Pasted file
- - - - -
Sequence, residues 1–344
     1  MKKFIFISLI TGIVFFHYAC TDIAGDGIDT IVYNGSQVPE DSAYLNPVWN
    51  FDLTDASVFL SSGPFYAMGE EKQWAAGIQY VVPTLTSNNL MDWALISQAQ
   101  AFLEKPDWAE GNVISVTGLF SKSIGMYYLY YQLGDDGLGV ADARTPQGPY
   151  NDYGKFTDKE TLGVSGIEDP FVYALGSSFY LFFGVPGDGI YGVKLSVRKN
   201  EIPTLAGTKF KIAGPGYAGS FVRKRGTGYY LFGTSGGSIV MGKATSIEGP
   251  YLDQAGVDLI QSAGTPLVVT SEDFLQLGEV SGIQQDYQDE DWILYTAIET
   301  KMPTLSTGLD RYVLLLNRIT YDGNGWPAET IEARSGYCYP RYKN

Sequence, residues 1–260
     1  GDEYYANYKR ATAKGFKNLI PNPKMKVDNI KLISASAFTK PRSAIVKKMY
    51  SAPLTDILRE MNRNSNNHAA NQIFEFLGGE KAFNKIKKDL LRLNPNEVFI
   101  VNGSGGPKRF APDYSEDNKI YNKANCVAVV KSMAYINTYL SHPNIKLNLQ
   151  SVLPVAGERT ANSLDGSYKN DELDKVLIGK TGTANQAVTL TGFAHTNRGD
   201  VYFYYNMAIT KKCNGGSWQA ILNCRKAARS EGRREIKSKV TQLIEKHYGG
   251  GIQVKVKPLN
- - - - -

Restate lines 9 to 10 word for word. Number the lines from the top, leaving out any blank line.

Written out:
Sequence, residues 1–260
     1  GDEYYANYKR ATAKGFKNLI PNPKMKVDNI KLISASAFTK PRSAIVKKMY